CREDIT: Jack English/Universal Pictures

This post was originally published on News Cult in October 2017.

Starring: Michael Fassbender, Rachel Ferguson, Charlotte Gainsbourg, Val Kilmer, J.K. Simmons, Toby Jones, Chloë Sevigny

Director: Tomas Alfredson

Running Time: 119 Minutes

Rating: R for Snowman-Human Hybrid Tableaux

Release Date: October 20, 2017

The best part of The Snowman happens a few minutes when someone refers to Michael Fassbender’s lead character, “Detective Harry Hole,” by his full name. Shockingly, that is the only time we hear anybody say “Harry Hole” in its entirety. True, my enjoyment of that moment might be the most prurient form of punnery, and I probably won’t be able to convince who looks down upon crudeness and wordplay of its hilarity. But at least that name has personality, something which the rest of the film lacks entirely.

The Snowman’s poster reads, “MISTER POLICE. YOU COULD HAVE SAVED HER I GAVE YOU ALL THE CLUES.” The film itself acts upon the same instinct, essentially giving away the identity of the killer in the first scene. So clearly, the mystery is not the point of this ostensible mystery film. What then is it all about? Perhaps a deep (or at least shallow) dive into a murderer’s psychology? I imagine a fascinating dissertation could be written about a killer who carefully slices up his victims, builds a snowman after each kill, occasionally affixes parts of the victims into the snowmen, and always calls in a missing person report to alert the same detective to arrive on the scene just a little too late. But as for how it plays as narrative, well, the harsh Scandinavian winter must have made everyone too sleepy to craft any plot turns anywhere near compelling.

The Snowman is based on Norwegian author Jo Nesbø’s novel of the same name, one of the many bestselling Scandinavian crime thrillers riding the coattails of The Girl with the Dragon Tattoo. One might imagine that a potential problem here would be falling into a trap of derivativeness, but The Snowman isn’t really a knockoff of anything, whether literary, cinematic, or otherwise. Instead, it is just a hodgepodge of elements that I cannot understand would be a part of any movie whatsoever. The cinematography is plain ugly, almost like specks of snow are constantly stuck to the camera lens. Then there is a whole subplot about Oslo’s bid to host the “Winter Sports World Cup,” which apparently exists because any press about the Snowman Killer cannot be allowed to distract from that bid. Maybe there is supposed to be a point here about government corruption, but it just comes off as narrative padding.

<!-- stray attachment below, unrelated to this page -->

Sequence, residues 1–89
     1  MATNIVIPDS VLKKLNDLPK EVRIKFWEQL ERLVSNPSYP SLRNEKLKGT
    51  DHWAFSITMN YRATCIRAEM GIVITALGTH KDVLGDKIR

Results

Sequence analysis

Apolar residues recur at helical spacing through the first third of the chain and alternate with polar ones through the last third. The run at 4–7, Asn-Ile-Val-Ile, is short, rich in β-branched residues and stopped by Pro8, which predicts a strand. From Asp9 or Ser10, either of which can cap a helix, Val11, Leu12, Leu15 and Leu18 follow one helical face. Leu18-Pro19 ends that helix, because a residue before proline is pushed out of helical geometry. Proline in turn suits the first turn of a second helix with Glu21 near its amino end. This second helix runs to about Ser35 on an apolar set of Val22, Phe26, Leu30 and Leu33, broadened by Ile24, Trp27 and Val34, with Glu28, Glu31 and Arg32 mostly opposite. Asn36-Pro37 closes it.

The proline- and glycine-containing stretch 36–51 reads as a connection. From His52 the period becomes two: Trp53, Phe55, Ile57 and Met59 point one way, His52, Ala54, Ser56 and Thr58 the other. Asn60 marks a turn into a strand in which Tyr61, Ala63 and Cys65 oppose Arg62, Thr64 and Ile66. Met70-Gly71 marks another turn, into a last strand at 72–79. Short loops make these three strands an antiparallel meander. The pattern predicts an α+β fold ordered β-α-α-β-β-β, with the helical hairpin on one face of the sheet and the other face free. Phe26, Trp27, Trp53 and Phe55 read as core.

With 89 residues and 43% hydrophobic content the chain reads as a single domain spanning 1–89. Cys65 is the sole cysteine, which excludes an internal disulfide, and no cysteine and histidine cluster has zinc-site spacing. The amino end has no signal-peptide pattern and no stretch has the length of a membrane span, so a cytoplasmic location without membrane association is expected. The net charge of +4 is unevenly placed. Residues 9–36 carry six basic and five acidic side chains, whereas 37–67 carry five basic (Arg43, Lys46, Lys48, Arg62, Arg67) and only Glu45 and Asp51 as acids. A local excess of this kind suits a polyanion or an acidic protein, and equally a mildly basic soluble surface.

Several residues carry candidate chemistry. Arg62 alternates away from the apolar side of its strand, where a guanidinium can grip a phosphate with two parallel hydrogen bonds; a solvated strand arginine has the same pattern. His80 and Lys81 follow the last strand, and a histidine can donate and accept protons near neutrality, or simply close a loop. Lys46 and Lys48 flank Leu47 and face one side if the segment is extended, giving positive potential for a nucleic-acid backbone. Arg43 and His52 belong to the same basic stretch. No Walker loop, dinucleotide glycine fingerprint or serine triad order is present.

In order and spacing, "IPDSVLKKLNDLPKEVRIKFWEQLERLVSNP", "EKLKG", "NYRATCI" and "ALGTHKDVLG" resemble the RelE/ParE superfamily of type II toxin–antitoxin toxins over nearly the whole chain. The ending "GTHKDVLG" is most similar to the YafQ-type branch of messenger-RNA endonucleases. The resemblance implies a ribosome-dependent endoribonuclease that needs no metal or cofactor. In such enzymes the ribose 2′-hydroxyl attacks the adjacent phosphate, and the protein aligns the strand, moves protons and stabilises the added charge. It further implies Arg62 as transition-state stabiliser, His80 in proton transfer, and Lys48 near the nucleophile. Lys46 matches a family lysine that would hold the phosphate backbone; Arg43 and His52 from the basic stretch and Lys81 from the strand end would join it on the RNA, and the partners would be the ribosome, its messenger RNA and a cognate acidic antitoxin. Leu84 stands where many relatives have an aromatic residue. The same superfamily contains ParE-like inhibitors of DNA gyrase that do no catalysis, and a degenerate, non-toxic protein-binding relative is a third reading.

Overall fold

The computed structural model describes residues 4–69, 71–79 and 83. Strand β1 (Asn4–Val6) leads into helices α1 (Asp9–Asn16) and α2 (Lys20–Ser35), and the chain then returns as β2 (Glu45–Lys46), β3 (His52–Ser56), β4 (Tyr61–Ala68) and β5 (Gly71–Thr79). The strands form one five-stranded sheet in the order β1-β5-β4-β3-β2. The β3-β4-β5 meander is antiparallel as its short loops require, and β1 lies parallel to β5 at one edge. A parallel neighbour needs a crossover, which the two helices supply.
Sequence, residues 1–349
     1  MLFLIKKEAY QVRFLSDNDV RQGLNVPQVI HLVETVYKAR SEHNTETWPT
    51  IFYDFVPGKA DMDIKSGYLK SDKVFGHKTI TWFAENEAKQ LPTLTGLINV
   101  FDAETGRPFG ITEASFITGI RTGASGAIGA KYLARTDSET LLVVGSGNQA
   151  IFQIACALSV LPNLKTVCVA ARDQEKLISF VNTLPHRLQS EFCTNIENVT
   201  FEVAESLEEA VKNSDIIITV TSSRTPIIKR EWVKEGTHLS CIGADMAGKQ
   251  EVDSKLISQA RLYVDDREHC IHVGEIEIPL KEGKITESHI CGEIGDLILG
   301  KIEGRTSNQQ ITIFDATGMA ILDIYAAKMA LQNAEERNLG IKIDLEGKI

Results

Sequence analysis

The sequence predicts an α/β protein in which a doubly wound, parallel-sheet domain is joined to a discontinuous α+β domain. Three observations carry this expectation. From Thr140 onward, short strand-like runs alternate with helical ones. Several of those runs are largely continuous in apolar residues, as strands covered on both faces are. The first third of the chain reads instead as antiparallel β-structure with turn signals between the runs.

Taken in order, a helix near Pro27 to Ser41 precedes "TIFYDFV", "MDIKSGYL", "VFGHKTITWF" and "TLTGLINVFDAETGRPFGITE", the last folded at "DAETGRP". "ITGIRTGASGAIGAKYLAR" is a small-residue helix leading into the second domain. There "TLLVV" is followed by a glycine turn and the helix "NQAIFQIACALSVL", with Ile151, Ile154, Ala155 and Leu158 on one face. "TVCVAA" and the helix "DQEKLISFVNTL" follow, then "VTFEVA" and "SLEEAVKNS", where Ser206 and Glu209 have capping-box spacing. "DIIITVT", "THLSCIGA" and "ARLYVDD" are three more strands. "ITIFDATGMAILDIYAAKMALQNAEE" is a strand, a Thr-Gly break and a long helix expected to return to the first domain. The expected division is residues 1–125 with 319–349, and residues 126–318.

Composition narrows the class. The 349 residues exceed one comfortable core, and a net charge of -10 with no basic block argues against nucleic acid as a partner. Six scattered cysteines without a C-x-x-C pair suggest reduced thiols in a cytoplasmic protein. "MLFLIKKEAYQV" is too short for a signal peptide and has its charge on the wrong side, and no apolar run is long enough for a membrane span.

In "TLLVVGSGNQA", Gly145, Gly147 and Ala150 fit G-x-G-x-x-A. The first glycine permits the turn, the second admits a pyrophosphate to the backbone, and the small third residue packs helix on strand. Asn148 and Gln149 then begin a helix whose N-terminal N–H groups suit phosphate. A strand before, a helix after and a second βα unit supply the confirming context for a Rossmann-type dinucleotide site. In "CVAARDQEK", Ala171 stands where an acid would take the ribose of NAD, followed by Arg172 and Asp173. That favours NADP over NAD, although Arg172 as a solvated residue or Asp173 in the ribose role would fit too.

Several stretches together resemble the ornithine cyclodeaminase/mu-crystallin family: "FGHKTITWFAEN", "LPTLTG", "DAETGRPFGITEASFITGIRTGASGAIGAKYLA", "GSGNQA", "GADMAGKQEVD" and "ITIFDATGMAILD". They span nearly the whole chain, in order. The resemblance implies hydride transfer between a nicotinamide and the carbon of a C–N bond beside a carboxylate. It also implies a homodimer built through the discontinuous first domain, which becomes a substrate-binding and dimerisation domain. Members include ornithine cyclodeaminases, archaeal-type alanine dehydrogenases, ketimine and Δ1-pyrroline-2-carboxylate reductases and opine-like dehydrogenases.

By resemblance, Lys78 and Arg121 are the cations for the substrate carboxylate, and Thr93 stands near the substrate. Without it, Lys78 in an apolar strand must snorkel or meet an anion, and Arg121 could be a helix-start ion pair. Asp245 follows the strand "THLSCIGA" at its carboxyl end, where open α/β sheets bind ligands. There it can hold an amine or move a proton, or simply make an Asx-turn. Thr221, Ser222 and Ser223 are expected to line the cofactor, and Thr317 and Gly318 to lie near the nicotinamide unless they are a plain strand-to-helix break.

The Snowman’s greatest sin is stranding some very talented actors with absolutely nothing to do. It also calls into question the bona fides of its director, Tomas Alfredson, who had previously pulled off two solid adaptations (Let the Right One In, Tinker Tailor Soldier Spy). Maybe this is just a hiccup, though if so, it is a big one. On the other hand, I have not read the novel, so maybe the problem is with source material that managed to be inexplicably successful. But at least we have Val Kilmer as a suicidal investigator, who is strangely compelling, with a freakish appearance that can only be described as “Haggard Vampire.” After watching The Snowman, you’ll certainly be able to relate to his fatalistic outlook.

The Snowman is Recommended If You Like: Despairing About the Pointlessness of Life

Grade: 1.5 out of 5 Daddy Issues

 

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